By Amy Forliti Associated Press
Stories about Muslim children being harassed in schools and anti-immigrant statements made during the presidential campaign troubled Sharon Chace.
So when she learned the Minnesota chapter of the Council on American-Islamic Relations was holding a meeting to show non-Muslims what they could do to help, she decided to attend. Now the St. Paul retiree is taking steps toward helping Somali immigrants, most of whom are Muslim, to learn to read English — and she hopes to take what she learns to be a bridge for others.
“I’m just trying to be a sponge right now,” she said.
The meeting Chace attended was part of CAIR-MN’s effort to take its longtime advocacy work a step further in Minnesota by providing non-Muslims with concrete opportunities to help. For example, they could join crisis teams that respond to incidents of bias or learn how to teach others to respond to anti-Islamic rhetoric, said Jaylani Hussein, CAIR-MN’s executive director.
He said hostility toward Muslims increased during a presidential campaign where Donald Trump talked about creating a Muslim registry and banning immigrants from certain countries. Those comments spurred some, like Chace, to want to get involved.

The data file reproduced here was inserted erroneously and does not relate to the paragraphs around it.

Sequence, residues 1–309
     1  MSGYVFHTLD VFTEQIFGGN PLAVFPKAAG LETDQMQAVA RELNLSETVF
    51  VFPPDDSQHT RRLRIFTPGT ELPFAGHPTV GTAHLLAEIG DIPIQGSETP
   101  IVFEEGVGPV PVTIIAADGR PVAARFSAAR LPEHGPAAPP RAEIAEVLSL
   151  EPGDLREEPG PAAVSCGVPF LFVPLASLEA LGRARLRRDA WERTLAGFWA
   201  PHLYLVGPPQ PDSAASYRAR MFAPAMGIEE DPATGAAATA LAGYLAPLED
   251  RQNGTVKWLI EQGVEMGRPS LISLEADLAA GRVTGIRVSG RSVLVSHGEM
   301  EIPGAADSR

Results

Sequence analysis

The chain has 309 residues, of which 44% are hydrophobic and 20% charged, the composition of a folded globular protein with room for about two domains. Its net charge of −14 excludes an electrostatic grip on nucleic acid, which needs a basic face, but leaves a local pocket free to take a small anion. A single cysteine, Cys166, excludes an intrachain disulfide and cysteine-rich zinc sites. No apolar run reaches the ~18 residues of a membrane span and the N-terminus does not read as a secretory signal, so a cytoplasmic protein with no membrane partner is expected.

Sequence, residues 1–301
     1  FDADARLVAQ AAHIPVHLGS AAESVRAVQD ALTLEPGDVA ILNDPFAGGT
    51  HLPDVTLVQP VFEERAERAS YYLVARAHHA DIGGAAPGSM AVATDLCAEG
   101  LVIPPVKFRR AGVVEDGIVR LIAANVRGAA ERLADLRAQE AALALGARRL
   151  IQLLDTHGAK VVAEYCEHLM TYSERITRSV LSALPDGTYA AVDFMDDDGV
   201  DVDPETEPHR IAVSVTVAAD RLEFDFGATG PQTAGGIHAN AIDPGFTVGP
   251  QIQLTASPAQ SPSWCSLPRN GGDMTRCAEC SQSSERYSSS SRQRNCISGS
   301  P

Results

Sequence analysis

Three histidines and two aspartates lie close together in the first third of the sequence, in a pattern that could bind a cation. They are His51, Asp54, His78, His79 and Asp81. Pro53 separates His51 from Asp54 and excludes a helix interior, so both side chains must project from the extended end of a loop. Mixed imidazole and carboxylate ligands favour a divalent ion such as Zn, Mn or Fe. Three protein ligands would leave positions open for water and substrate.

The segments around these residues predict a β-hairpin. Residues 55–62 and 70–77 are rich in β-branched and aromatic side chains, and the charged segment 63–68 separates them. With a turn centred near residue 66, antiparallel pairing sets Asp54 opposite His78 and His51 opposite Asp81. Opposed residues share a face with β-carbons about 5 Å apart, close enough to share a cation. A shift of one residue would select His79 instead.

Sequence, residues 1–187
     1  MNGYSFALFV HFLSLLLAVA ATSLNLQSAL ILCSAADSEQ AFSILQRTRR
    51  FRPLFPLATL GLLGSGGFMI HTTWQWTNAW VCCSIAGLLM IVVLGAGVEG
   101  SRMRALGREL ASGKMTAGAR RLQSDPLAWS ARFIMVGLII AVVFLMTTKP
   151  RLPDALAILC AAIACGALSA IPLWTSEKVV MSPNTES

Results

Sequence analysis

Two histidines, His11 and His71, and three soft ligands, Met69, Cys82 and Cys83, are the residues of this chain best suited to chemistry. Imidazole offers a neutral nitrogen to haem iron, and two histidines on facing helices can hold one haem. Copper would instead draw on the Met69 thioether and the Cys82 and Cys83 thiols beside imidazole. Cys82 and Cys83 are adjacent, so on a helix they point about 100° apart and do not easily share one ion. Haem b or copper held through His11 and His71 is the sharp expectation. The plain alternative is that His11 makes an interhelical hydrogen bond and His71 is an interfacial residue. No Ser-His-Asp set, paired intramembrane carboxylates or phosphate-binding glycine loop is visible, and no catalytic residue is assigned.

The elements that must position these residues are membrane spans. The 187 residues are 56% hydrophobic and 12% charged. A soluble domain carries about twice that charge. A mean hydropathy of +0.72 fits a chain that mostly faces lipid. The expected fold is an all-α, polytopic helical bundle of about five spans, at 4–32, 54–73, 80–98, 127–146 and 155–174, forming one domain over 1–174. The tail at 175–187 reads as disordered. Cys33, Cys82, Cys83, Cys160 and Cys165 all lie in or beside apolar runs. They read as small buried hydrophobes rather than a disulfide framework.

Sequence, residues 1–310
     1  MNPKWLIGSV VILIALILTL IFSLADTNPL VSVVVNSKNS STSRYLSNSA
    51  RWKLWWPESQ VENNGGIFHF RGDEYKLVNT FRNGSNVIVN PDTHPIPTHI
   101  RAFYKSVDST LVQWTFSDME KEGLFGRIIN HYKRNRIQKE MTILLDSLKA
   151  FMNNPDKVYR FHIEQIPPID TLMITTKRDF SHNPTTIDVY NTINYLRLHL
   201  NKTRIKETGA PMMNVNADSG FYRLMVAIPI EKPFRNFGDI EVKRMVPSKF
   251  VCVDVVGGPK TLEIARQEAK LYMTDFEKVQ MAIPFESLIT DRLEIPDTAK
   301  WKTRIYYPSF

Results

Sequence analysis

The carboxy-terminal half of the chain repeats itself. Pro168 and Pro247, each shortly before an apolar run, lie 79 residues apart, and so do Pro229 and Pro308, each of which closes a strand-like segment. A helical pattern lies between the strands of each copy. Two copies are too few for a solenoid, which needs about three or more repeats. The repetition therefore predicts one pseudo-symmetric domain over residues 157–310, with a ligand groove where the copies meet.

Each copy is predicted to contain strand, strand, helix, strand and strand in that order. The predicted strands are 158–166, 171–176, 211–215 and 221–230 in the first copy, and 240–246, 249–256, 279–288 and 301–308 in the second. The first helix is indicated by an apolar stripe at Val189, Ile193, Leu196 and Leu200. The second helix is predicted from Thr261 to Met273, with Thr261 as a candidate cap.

“A lot of people are upset, a lot of people are frustrated, and they just don’t know what to do,” Hussein said. “People who were typically troubled by what has been happening are now, for the first time … willing to stand up and do something about it.”
Minnesota, which has the largest Somali population in the United States, has seen several examples of anti-Islamic rhetoric in recent months. In September, after a young Somali man stabbed 10 people at a central Minnesota mall, the owner of a southern Minnesota ice cream parlor put up a sign that said “Muslims Get Out.” Days before the election, someone scrawled “ISIS” over a sign promoting the University of Minnesota’s Muslim Students Association.
Hussein said supporters can also take simple steps, such as using social media to share stories of positive experiences with Muslims, immigrants or refugees, or donating money. CAIR also created an idea bank for people to connect and share ideas.
Rick Bernardo, an adjunct professor at St. Mary’s University, said he got involved because he has several friends and colleagues who are Muslim, including a woman who told him she had to dive away from a moving car when a driver cursed at her and tried to run her over. Among other things, he hopes to dispel stereotypes by talking about the kindness of his Muslim friends if he hears or sees someone paint a negative picture of Islam.
“At some level of friendship, it’s almost like family,” Bernardo said. “This is what you do for each other.”